Sater Design Collection, Inc., The v. Fred Bishop Enterprises, Inc. et al
TRIAL PREPARATION ORDER-CIVIL: Final Pretrial Conference set for 3/30/2010 at 10:00 AM in Courtroom A 901 before Judge Marcia S. Krieger. by Judge Marcia S. Krieger on 3/18/09. (msksec, )
IN THE UNITED STATES DISTRICT COURT FOR THE DISTRICT OF COLORADO Honorable Marcia S. Krieger Civil Action No. 08-cv-02448-MSK-LTM THE SATER DESIGN COLLECTION, INC., Plaintiff(s), v. FRED BISHOP ENTERPRISES, INC.; FRED W. BISHOP III; AUTODRAFT DESIGN, INC.; AUTODRAFT, LLC; GILBERT MAYNARD; and DEBRA MAYNARD, Defendants. TRIAL PREPARATION ORDER -CIVIL To ensure that the parties are adequately prepared for trial, this Order sets deadlines, imposes requirements that supplement the Scheduling Order and imposes trial preparation requirements. A. Applicable Rules This proceeding is subject to the Federal Rules of Civil Procedure, the Federal Rules of Evidence, the Local Rules of Practice for the United States District Court for the District of Colorado and the MSK Civ. Practice Standards. A copy of the Practice Standards is available from the Clerk's office or can be downloaded from the Court's website at http://www.cod.uscourts.gov/Home.aspx under Judicial Officers' Procedures. Parties who are not represented by counsel (pro se) are responsible for knowledge of and compliance with all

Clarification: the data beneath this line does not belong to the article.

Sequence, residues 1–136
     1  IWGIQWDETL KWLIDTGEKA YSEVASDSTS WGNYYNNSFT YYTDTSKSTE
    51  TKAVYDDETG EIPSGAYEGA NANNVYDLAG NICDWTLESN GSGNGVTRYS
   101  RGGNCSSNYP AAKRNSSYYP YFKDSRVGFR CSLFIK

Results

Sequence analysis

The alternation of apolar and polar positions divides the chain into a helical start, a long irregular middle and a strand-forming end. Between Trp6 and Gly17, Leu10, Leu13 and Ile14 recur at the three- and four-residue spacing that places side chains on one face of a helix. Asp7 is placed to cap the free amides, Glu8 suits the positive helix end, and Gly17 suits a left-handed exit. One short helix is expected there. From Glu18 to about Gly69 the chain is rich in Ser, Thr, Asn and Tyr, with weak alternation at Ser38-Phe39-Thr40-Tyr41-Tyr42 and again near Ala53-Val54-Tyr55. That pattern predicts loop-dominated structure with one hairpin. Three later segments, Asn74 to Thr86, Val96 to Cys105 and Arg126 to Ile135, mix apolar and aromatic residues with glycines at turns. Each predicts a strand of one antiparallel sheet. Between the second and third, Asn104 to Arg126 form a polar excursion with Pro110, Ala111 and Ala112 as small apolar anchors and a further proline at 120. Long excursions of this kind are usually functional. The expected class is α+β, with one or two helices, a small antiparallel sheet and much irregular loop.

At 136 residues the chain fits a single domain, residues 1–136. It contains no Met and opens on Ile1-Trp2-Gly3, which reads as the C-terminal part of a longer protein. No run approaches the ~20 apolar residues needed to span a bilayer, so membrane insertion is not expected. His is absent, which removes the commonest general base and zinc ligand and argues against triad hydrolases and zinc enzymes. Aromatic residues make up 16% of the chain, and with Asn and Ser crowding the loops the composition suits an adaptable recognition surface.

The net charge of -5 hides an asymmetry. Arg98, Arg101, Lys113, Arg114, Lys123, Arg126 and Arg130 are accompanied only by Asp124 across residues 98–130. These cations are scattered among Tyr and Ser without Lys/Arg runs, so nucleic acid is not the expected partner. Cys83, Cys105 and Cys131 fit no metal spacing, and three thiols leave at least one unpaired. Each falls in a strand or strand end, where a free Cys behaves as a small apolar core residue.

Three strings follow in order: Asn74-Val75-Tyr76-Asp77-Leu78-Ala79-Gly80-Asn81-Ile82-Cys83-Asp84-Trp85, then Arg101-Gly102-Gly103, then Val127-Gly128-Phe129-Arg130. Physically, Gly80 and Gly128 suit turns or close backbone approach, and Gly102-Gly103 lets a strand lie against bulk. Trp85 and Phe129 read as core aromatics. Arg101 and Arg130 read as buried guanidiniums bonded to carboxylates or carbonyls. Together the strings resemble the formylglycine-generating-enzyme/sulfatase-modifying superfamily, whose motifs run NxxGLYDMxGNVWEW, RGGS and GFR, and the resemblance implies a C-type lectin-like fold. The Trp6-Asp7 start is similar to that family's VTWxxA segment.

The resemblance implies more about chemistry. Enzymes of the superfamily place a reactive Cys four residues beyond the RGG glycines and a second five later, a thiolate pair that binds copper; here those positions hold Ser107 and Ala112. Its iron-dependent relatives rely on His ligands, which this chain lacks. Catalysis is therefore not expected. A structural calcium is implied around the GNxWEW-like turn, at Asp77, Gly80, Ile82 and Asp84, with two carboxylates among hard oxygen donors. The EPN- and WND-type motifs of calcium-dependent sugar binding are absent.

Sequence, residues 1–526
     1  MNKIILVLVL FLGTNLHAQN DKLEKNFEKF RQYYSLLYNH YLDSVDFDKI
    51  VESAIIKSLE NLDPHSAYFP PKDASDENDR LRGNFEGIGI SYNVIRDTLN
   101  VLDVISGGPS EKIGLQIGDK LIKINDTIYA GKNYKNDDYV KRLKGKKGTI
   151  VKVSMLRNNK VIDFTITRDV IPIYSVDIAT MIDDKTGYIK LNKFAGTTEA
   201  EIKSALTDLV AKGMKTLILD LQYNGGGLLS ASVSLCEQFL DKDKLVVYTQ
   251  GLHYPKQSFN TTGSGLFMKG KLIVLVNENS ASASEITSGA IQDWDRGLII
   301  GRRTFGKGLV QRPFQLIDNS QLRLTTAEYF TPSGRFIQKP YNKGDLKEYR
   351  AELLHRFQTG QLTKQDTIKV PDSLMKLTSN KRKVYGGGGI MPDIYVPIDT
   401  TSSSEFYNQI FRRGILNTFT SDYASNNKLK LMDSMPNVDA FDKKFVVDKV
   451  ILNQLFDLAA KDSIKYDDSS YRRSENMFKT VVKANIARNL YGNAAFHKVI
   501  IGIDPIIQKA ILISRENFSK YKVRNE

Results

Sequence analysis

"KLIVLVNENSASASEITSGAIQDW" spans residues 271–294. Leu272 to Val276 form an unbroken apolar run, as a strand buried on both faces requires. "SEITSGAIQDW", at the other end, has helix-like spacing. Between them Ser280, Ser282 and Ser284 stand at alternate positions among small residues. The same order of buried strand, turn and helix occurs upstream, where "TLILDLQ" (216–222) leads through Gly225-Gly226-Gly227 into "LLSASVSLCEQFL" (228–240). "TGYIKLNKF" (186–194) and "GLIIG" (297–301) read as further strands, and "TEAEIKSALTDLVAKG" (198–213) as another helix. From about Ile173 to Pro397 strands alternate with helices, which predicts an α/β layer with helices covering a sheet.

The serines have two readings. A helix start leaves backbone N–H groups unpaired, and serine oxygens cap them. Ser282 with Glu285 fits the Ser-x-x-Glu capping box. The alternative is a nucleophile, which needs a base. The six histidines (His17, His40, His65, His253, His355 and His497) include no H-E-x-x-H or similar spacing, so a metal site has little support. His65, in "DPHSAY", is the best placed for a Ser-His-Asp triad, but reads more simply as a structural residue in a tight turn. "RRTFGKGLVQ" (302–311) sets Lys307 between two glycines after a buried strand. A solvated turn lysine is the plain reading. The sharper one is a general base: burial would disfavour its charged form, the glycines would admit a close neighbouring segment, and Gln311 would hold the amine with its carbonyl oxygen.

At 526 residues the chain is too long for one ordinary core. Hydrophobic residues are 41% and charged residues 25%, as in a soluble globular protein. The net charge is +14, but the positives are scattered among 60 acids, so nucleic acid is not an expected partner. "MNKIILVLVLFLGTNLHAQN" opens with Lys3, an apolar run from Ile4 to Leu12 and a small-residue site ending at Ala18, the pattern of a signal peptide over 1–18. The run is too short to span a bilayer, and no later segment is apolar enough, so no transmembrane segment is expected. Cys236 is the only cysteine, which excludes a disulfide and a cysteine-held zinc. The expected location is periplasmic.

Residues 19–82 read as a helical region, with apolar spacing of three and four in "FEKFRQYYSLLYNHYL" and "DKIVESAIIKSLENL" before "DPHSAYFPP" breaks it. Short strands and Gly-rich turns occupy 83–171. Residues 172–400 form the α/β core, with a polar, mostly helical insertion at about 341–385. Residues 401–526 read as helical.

applicable rules and provisions of this Order. References in this Order to "counsel" apply to parties appearing pro se. If a party to this case is incarcerated, it is the responsibility of that party to provide a copy of this Order and all other orders issued in this case to his or her case manager. For purposes of attending a scheduled hearing by telephone, the case manager should contact the Courtroom Deputy Clerk, Patricia Glover at (303)335-2185 at least two business days prior to the hearing to make the necessary arrangements for the inmate to participate. B. Dispositive and Rule 702 Motions The deadline for filing Rule 702 motions shall be the same as that for filing of dispositive motions. If the dispositive motion deadline is changed, the Rule 702 deadline automatically changes to match it. The format for dispositive motions is set out in MSK Civ. Practice Standard V.H, found at http://www.cod.uscourts.gov/Home.aspx under Judicial Officers' Procedures. The format for Rule 702 motions is found at http://www.cod.uscourts.gov/Home.aspx under Judicial Officers' Procedures. Failure to use the appropriate format may result in a delayed ruling on the motion. If determination of a Rule 702 motion is required for determination of a dispositive motion, please so state in the title of the Rule 702 motion. C. Final Pre-Trial Conference The Final Pre-Trial Conference in this case is set on the docket of the Honorable Marcia S. Krieger in the United States District Court for the District of Colorado, Courtroom A901, Alfred A. Arraj U.S. Courthouse, 901 19th Street, Denver, Colorado, to commence at 10:00 a.m. on March 30, 2010. Lead counsel who will try the case and the parties (or, in the case of legal entities, the representative of the entity who is expected to attend trial on behalf of the